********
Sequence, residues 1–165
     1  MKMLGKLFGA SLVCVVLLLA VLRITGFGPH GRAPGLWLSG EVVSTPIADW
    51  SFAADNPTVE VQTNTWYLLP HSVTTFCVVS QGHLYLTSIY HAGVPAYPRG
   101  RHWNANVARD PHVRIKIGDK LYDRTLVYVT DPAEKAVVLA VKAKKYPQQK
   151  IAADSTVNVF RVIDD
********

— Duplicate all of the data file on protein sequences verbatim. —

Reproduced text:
Sequence, residues 1–165
     1  MKMLGKLFGA SLVCVVLLLA VLRITGFGPH GRAPGLWLSG EVVSTPIADW
    51  SFAADNPTVE VQTNTWYLLP HSVTTFCVVS QGHLYLTSIY HAGVPAYPRG
   101  RHWNANVARD PHVRIKIGDK LYDRTLVYVT DPAEKAVVLA VKAKKYPQQK
   151  IAADSTVNVF RVIDD